3. The overall transcription rate of a gene is calculated as the sum
of products. Each term in the sum corresponds to a particular
promoter-occupancy con¬guration and is represented as a prod-
uct of two factors, namely, the frequency of that con¬guration
and the rate of synthesis resulting from that con¬guration. In
the MRDH network this rate for gene X is thus 1 — SXB (with SXB
as introduced above), because it has only a single promoter con-
¬guration. The promoter of gene Y can be in two con¬gurations
(with rates of synthesis SYB and ρ SYB , see above); therefore its
overall transcription rate is (1 + ρ K X K X2 [X]2 )SYB /(1 + K X K X2 [X]2 ).
4. The rate of decay of a transcription factor is a sum of terms,
each proportional to the concentration of a particular complex
in which the transcription factor participates. This is equiva-
lent to assuming exponential decay. For the transcriptional re-
pressor X in the MRDH network these complexes include the
monomer X, the homodimer X2 , and the heterodimer XY. If
the corresponding decay constants are denoted respectively by
dX , dX2 , and dXY then the overall decay rate of X is given by
dX [X] + 2dX2 K X2 [X]2 + dXY K XY [X][Y], K XY being the rate constant
for the formation of the heterodimer XY (i.e., [XY] = K XY [X][Y]).
The analogous quantity for protein Y is dY [Y] + dXY K XY [X][Y].
5. By de¬nition, the steady-state concentration of each transcrip-
tion factor is determined by the solution of the equation that
results from setting its rate of synthesis equal to its rate of



[X] < 0
[Y] < 0
[Yo ]

[Y] = 0
[X] > 0
[X] = 0
[Y] > 0


Fig. 3.6 The solutions of the steady-state Eqs. 3.3 and 3.4, given in terms of the
steady-state solutions [X0 ] and [Y0 ]. Here [X0 ] is de¬ned as the steady-state cellular
level of monomer X produced in the presence of a steady-state cellular level [Y0 ] of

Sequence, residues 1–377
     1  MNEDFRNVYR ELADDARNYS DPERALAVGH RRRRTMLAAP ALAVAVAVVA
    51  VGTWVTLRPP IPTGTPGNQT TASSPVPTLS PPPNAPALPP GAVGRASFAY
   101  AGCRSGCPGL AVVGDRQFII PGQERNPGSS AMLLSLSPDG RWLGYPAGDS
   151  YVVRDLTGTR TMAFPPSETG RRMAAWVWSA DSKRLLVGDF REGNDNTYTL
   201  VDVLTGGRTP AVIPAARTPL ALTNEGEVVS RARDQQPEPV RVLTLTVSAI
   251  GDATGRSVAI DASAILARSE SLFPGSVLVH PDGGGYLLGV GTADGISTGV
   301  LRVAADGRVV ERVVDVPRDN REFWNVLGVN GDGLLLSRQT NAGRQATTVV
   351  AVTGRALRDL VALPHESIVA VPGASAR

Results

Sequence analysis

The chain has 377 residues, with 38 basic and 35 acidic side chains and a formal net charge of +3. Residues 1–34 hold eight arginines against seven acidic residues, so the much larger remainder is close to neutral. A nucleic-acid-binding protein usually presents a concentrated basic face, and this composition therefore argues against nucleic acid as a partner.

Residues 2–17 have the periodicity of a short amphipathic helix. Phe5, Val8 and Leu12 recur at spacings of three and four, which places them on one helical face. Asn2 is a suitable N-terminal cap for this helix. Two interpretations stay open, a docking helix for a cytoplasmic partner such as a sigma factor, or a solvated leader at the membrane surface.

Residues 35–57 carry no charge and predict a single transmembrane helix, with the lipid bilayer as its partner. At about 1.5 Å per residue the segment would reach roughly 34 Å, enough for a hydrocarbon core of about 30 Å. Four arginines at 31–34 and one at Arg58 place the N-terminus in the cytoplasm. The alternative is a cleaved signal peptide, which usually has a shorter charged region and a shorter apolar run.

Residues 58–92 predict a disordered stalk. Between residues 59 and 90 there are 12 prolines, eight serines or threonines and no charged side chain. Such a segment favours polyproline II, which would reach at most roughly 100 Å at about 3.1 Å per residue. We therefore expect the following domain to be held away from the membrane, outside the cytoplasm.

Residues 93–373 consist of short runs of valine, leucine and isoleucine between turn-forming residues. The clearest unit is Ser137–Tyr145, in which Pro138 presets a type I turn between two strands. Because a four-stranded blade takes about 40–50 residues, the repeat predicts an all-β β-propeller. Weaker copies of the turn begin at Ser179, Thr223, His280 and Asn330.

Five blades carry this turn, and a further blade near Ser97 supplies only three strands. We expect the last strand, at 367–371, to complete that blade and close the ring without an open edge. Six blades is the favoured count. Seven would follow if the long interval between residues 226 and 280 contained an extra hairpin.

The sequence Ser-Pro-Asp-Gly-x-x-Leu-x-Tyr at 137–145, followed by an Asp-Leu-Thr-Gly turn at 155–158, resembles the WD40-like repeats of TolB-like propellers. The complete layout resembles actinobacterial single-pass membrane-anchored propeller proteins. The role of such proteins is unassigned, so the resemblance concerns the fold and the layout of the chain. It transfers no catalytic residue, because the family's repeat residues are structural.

monomer Y, assuming a rate of transcription SX0 . Thus, by de¬nition (see Eq. 3.3),
SX0 = d X [X0 ] + 2d X2 K X2 [X0 ]2 + d XY K XY [X0 ][Y0 ]. Since along the red and blue lines,
r r
respectively, d[X]/dt ≡ [X] = 0 and d[Y]/dt ≡ [ Y] = 0, it is the intersections of these
curves that correspond to the steady-state solutions of the system of equations 3.3 and
3.4. Steady states 1 and 3 are stable, whereas steady state 2 is unstable.

decay. With the above ingredients, for the MRDH network one
arrives at

= SXB ’ {dX [X] + 2dX2 K X2 [X]2 + dXY K XY [X][Y]} = 0, (3.3)

1 + ρ K X K X2 [X]2
= SYB ’ dY [Y] + dXY K XY [X][Y] = 0. (3.4)
1 + K X K X2 [X]2

Keller found that if in the absence of the repressor X the rate
of synthesis of protein Y is high then in its presence the system de-
scribed by Eqs. 3.3 and 3.4 exhibits three steady states, as shown in
Fig. 3.6. Steady states 1 and 3 are stable and thus could be considered
as de¬ning two distinct cell types, while steady state 2 is unstable.
In an example using realistic kinetic constants, the steady-state val-
ues of [X] and [Y] at the two stable steady states differ substantially
from one another, showing that the dynamical properties of these
autoregulatory networks of transcription factors can provide the basis
for generating stable alternative cell fates during early development.
The validity of Keller™s approach depends on the assumption that